Download presentation

Presentation is loading. Please wait.

Published byRodrigo Drewery Modified over 2 years ago

1
1 Chapter 4: Time Value of Money Copyright, 1999 Prentice Hall Author: Nick Bagley Objective Explain the concept of compounding and discounting and to provide examples of real life applications

2
2 Introduction: Time Value of Money (TVM) $20 today is worth more than the expectation of $20 tomorrow because: – a bank would pay interest on the $20 –inflation makes tomorrows $20 less valuable than today’s –uncertainty of receiving tomorrow’s $20

3
3 Compounding Assume that the interest rate is 10% p.a.Assume that the interest rate is 10% p.a. What this means is that if you invest $1 for one year, you have been promised $1*(1+10/100) or $1.10 next yearWhat this means is that if you invest $1 for one year, you have been promised $1*(1+10/100) or $1.10 next year Investing $1 for yet another year promises to produce 1.10 *(1+10/100) or $1.21 in 2-yearsInvesting $1 for yet another year promises to produce 1.10 *(1+10/100) or $1.21 in 2-years

4
4 Value of Investing $1 –Continuing in this manner you will find that the following amounts will be earned:

5
5 Value of $5 Invested More generally, with an investment of $5 at 10% we obtainMore generally, with an investment of $5 at 10% we obtain

6
6 Generalizing the method Generalizing the method requires some definitions. LetGeneralizing the method requires some definitions. Let –i be the interest rate –n be the life of the lump sum investment –PV be the present value –FV be the future value

7
7 Future Value of a Lump Sum

8
8 Example: Future Value of a Lump Sum Your bank offers a CD with an interest rate of 3% for a 5 year investment. You wish to invest $1,500 for 5 years, how much will your investment be worth?

9
9 Present Value of a Lump Sum

10
10 Example: Present Value of a Lump Sum You have been offered $40,000 for your printing business, payable in 2 years. Given the risk, you require a return of 8%. What is the present value of the offer?You have been offered $40,000 for your printing business, payable in 2 years. Given the risk, you require a return of 8%. What is the present value of the offer?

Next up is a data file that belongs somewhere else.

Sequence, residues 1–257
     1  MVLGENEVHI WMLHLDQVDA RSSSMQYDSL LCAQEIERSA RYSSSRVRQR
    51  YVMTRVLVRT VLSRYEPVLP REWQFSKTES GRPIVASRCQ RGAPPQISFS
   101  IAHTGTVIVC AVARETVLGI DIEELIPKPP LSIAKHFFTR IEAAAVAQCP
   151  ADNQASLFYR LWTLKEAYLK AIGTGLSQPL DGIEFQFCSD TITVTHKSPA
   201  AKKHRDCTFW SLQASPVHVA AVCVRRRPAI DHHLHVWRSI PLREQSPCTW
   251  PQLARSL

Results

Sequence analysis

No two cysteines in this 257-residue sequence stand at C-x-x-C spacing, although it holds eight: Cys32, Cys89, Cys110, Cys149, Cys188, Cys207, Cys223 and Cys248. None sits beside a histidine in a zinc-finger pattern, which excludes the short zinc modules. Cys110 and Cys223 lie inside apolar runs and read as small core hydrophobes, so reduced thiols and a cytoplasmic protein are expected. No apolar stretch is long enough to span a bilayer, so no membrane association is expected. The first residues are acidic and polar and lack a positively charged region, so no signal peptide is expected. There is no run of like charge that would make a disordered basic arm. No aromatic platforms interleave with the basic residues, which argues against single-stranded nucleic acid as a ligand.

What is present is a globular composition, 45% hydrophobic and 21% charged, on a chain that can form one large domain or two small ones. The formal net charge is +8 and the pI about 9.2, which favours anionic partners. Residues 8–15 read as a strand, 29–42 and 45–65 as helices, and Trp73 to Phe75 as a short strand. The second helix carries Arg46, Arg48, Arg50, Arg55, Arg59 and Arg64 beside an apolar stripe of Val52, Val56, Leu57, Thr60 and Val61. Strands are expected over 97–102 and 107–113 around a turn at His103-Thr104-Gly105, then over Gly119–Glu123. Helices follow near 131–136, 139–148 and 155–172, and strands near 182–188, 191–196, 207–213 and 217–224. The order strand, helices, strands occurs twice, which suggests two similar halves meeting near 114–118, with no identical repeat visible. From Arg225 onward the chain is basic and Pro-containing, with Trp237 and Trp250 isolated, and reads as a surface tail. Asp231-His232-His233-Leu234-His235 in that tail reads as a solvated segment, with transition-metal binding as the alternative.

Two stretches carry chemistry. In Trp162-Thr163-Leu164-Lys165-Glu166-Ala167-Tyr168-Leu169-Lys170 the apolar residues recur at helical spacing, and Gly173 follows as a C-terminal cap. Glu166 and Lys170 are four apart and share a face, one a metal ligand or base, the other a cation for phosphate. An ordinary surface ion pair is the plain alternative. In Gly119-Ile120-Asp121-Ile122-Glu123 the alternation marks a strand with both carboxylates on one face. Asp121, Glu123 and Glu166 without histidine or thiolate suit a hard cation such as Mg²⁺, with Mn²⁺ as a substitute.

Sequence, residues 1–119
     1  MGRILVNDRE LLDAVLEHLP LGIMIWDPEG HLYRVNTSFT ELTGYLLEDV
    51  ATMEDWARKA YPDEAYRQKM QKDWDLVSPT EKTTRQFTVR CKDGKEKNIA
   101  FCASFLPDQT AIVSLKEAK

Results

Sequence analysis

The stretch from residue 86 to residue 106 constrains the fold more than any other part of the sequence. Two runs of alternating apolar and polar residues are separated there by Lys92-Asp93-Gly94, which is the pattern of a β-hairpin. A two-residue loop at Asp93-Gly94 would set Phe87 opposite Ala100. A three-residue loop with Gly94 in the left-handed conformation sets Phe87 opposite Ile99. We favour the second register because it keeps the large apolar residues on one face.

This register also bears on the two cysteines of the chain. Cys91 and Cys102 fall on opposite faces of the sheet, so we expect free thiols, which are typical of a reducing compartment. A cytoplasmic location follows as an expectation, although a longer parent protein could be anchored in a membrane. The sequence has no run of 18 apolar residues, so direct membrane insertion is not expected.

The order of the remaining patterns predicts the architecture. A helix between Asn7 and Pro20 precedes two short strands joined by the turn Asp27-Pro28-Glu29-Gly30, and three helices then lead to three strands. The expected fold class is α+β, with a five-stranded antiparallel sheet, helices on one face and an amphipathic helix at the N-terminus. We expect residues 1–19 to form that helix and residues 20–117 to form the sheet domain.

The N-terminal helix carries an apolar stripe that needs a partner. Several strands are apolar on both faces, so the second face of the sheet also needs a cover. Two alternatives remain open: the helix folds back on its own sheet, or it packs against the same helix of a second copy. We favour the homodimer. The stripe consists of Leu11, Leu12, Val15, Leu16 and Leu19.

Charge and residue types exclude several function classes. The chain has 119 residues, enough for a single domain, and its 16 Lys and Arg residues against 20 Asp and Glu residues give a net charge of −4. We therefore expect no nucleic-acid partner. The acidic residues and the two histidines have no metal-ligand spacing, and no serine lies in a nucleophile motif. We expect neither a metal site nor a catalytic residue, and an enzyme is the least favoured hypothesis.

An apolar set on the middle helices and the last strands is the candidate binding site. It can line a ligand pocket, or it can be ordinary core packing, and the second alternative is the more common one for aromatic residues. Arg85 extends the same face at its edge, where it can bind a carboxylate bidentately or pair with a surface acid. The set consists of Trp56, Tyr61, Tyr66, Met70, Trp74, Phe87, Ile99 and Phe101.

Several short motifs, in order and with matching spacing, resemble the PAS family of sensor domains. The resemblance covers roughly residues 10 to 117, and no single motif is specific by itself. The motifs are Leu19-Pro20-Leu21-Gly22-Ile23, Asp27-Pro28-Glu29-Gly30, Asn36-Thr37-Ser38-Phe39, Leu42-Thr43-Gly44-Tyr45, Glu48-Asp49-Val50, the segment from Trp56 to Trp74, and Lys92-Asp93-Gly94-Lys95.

11
11 Lump Sums Formulae You have solved a present value and a future value of a lump sum. There remains two other variables that may be solved forYou have solved a present value and a future value of a lump sum. There remains two other variables that may be solved for –interest, i –number of periods, n

12
12 Solving Lump Sum Cash Flow for Interest Rate

13
13 Example: Interest Rate on a Lump Sum Investment If you invest $15,000 for ten years, you receive $30,000. What is your annual return?If you invest $15,000 for ten years, you receive $30,000. What is your annual return?

14
14 Review of Logarithms The next three slides are a quick review of logarithmsThe next three slides are a quick review of logarithms –I know that you probably learned this in eighth grade, but those of us who do not use them frequently forget the basic rules

15
15 –Logarithms are important in finance because growth is related to the the exponential, and the exponential is the inverse function of the logarithm –Logarithms may have different bases, but in finance we need only the natural logarithm, that is the logarithm of base e. The e is the irrational number that may be approximated as 2.718281828. It is easy to remember because it starts to repeat, but don’t be fooled, it doesn't, and it irrationalThe e is the irrational number that may be approximated as 2.718281828. It is easy to remember because it starts to repeat, but don’t be fooled, it doesn't, and it is irrational

16
16 Review of Logarithms The basic properties of logarithms that are used by finance are:The basic properties of logarithms that are used by finance are:

17
17 Review of Logarithms The following properties are easy to prove from the last ones, and are useful in financeThe following properties are easy to prove from the last ones, and are useful in finance

18
18 Solving Lump Sum Cash Flow for Number of Periods

19
19 The Frequency of Compounding You have a credit card that carries a rate of interest of 18% per year compounded monthly. What is the interest rate compounded annually?You have a credit card that carries a rate of interest of 18% per year compounded monthly. What is the interest rate compounded annually? That is, if you borrowed $1 with the card, what would you owe at the end of a year?That is, if you borrowed $1 with the card, what would you owe at the end of a year?

20